Eight years ago, everything changed for Aaron and Austin Nola when their uncle, Alan Andries, was diagnosed with ALS (Amyotrophic Lateral Sclerosis). While that diagnosis altered the way Andries lived his life, it didn’t change his passion for baseball, as he was involved in every part of Aaron and Austin’s baseball careers until he passed away on Feb. 10, 2021, following a courageous six-year battle with ALS, which is also known as Lou Gehrig’s Disease.
On Wednesday, the Nola brothers helped introduce this year’s Lou Gehrig Day activities with a virtual press conference. Lou Gehrig Day will be held on June 2, the date in 1925 that Gehrig became the Yankees starting first baseman, and the date in 1941 that he passed away at the age of 37.
The Nola brothers were joined at the press conference by Marlins pitcher Tommy Nance, Lou Gehrig Day spokesperson and 10-time All Star Steve Garvey, MLB researcher and writer Sarah Langs, founding member of the Zac Brown Band John Driskell Hopkins, Lou Gehrig Day committee member Phil Green and MLB senior vice president of social responsibility April Brown. MLB Network host Robert Flores moderated the event.
“It’s incredibly important for us to celebrate this day under our new social responsibility platform MLB Together,” Brown said. “It’s important we keep this mission on the forefront every day, not just on June 2.”
Everyone on the call had a personal connection to the disease, whether it was through their own diagnosis or someone close to them.
Green, a former University of Washington football player who was part of the committee that helped make Lou Gehrig Day a reality, said the day is just as much about celebrating those who are currently fighting the disease as it is about creating a better future for people who will be battling it.
“If [Lou Gehrig] were diagnosed today, his prognosis would be very similar to what it would be today,” said Green, who was diagnosed with ALS in 2018. “We’re doing this so that people diagnosed tomorrow or five years from now have a much better prognosis. I really appreciate the baseball community embracing our community.”
Green wasn’t alone in that sentiment, as everyone who spoke mentioned the same thing: ALS is a deadly disease that is underfunded in its research.
“We have a chance to show people that it's not just middle-aged men who suffer from this. It attacks everyone,” said Langs, who was diagnosed with ALS in 2021. “I’m glad to be able to share awareness. I see this as a really positive thing.”
Like Langs, Hopkins was diagnosed with ALS in 2021, but he feels he had symptoms of the disease prior to his diagnosis. In 2022, Hopkins (who goes by “Hop”) started Hop On A Cure, a 501(c)3 dedicated to bringing awareness to ALS and stopping the disease in its tracks. Hopkins said the organization has already raised more than $1 million towards ALS research and has made donations to the Sean M. Healey & AMG Center for ALS at Massachusetts General Hospital and Duke University.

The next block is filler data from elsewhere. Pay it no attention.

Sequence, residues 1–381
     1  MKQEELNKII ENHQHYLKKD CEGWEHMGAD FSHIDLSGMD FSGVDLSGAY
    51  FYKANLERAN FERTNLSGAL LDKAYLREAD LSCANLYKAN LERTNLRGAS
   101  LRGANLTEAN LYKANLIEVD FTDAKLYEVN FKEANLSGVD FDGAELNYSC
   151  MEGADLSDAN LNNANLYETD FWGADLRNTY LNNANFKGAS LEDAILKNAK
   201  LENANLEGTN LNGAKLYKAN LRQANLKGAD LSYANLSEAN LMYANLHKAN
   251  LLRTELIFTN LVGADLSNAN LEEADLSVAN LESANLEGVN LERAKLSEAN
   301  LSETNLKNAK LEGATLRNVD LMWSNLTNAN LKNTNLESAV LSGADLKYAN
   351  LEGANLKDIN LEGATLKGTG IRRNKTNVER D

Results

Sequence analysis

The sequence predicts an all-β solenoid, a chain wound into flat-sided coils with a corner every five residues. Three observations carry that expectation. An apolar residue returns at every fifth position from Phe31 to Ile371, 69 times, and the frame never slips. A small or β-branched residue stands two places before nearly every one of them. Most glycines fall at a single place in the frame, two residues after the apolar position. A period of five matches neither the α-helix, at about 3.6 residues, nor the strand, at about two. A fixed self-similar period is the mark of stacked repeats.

On June 2, Hopkins and the Zac Brown Band will be performing a live benefit concert at Great American Ballpark to help raise money for ALS research.
“Not only has MLB stepped up their research, but individual teams are stepping up as well,” Hopkins said. “We as a human force can make progress and can be victorious over this thing. It takes teamwork and communication and we’re excited to be helping lead that charge.”
In 1984, Garvey won the Lou Gehrig Award, which is given annually to the player who best exhibits the character and integrity of Lou Gehrig. A 19-year MLB veteran who holds the National League record for most consecutive games played, Garvey understands what it was like to be the type of ironman that Gehrig was.
“When I first fell in love with baseball, I read a biography of Lou Gehrig,” Garvey said. “From that moment I admired what he stood for.”
As an advocate for ALS, Garvey has gone to Washington D.C., where he’s spoken to senators and other politicians to advocate for more ALS research and funding.
“I think the wind is beneath our wings,” he said. “I know there are men and women with ALS who are fighting every day, and we’re going to be right beside them.”
Nance's connection with ALS was forged nine years ago when his dad was diagnosed. Last year, both he and his dad joined MLB’s ALS committee, which happened in part due to his connections in the baseball world.
“It all started when I was with the Cubs [in 2021],” Nance said. “I got connected through [Cubs manager] David Ross, and from there I decided I wanted to get involved with the community.”
Nance said the involvement helps him be with his dad from afar, as the time away from his family during the MLB season means that he sees the progression of the disease more than his other family members.
“It’s not a pretty disease, and I struggle because I’m gone for so long,” he said. “My dad’s strong and he wants to continue to spread awareness, and I’ll do anything I can do to help.”
On June 2, every TV broadcast booth will feature an illuminated wood star known as “A Langs Star,” an effort that was put together by ESPN’s Karl Ravech and woodworker Christopher Owens. The 22x22 stars are available for purchase at StarsforSarah.org, with all the proceeds going towards Project ALS on Sarah’s behalf.